The Institute of Medicine has issued a report calling for more research into the health conditions and disparities affecting lesbian, gay, bisexual and transgender individuals.
IOM urges more research on LGBT health issues
“Routine collection of information on race and ethnicity has expanded our understanding of conditions that are more prevalent among various groups or that affect them differently,” said Dr. Robert Graham, professor of family medicine at the University of Cincinnati (Ohio), and chair of the IOM committee that produced the report. “We should strive for the same attention to and engagement of sexual and gender minorities in health research.”
A range of factors affect health status for LGBT individuals, including the classification until 1973 of homosexuality as a mental disorder, a designation that “shaped sexual-minority patients' interactions with the healthcare system,” the committee said in the report. Additionally, current legal barriers to same-sex marriage often affect access to group health insurance, and few medical providers have received the training needed to treat transgender patients in a sensitive and “culturally competent” manner, the committee said.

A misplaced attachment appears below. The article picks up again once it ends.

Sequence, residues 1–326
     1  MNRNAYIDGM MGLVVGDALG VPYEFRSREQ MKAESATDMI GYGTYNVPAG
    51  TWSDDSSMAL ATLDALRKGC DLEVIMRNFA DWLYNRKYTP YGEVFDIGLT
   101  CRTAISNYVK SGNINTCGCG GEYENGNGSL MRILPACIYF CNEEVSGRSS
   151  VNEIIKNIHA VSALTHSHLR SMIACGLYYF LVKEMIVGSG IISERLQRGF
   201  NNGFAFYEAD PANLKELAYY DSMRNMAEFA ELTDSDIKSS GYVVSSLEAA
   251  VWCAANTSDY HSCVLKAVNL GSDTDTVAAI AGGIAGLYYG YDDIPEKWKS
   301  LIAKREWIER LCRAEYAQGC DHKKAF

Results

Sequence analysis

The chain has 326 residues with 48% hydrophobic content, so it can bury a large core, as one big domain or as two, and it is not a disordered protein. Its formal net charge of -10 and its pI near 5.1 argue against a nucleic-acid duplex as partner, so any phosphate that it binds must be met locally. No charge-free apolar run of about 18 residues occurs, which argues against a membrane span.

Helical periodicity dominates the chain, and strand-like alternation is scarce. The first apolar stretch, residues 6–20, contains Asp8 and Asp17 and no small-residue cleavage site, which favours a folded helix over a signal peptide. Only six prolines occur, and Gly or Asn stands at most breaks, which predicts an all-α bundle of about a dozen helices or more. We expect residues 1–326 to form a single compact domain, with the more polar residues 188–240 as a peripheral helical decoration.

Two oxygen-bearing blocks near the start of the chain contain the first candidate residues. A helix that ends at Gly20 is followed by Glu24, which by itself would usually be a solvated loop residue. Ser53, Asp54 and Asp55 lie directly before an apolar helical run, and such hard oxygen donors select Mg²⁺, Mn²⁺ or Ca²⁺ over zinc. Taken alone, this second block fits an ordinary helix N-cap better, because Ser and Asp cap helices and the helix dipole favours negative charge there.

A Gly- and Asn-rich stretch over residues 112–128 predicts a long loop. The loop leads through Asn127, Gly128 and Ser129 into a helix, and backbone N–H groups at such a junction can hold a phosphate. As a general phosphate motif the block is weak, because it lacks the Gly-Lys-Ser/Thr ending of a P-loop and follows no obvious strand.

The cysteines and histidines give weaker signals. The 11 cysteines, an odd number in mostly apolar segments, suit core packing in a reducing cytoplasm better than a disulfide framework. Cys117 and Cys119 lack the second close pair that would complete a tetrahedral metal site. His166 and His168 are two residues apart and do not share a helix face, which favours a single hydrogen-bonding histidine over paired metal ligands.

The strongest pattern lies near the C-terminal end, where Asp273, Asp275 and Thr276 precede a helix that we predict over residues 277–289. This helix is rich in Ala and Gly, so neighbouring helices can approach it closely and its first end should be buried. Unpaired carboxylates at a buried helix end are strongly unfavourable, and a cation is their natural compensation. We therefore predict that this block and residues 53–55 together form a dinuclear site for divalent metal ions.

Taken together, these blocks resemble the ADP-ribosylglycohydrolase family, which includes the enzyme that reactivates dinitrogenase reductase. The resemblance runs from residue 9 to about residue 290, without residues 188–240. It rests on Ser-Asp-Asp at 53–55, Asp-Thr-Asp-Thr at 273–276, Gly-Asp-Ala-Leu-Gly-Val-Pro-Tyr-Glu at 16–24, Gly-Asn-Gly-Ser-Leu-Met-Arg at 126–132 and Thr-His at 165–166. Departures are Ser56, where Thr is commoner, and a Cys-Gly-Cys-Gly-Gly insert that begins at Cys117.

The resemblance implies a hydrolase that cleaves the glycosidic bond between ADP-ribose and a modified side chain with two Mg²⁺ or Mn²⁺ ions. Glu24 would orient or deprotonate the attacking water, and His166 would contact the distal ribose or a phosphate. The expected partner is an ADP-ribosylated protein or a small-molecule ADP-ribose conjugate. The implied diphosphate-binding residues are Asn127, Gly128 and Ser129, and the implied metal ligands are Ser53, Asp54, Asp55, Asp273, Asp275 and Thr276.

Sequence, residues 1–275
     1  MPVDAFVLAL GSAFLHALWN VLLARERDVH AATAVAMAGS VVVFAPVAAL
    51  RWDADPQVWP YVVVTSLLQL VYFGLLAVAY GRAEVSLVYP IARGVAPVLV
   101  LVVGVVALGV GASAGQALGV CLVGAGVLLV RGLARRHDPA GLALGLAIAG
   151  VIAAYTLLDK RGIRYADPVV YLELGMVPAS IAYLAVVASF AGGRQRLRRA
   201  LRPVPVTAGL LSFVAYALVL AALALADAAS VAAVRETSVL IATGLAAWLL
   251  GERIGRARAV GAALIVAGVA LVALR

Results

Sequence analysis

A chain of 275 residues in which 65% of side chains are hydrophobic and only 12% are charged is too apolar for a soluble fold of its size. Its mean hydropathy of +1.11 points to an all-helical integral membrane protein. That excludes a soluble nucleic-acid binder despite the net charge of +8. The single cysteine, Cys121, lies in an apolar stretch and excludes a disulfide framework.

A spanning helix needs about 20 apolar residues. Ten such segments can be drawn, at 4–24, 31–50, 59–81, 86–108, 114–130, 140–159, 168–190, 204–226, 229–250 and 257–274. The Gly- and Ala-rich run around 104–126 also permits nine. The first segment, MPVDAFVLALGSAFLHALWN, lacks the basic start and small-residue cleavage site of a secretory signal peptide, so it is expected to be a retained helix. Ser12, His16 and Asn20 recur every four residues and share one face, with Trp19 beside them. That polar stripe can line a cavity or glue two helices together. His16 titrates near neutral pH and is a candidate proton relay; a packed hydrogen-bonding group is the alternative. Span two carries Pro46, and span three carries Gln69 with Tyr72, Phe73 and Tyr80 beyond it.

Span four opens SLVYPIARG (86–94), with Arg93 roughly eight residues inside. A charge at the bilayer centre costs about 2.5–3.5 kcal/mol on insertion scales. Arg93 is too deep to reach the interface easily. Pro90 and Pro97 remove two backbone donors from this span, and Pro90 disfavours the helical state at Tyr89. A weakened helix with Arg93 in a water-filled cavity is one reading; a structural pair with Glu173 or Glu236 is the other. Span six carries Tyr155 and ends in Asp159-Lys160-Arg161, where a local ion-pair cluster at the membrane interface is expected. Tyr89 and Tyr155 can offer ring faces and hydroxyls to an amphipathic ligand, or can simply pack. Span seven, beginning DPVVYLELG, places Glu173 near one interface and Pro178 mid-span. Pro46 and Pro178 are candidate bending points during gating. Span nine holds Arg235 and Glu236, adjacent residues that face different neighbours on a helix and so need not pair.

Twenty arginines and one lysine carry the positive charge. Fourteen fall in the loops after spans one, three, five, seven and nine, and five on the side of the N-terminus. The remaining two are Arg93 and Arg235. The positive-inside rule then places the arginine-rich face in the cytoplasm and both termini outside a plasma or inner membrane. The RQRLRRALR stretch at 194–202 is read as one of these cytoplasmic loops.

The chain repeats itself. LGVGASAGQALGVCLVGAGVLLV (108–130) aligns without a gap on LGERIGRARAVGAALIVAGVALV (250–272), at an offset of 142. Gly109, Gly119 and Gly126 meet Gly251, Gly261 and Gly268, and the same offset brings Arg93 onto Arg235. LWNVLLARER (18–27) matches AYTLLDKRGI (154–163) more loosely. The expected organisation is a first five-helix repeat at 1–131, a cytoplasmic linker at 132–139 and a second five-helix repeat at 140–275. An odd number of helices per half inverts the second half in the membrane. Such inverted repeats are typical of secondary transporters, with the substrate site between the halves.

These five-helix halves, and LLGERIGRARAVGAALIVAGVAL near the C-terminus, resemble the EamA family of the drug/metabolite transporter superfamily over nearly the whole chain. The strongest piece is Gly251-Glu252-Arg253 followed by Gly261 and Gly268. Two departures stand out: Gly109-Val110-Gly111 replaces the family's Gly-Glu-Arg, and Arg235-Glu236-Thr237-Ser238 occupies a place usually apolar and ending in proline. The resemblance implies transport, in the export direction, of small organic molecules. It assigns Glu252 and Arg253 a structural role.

The committee urged the National Institutes of Health to ramp up efforts to engage LGBT individuals in research, and to provide training opportunities for clinicians and researchers. Information on sexual orientation and gender identity should also be included in patients' electronic health record, they said.
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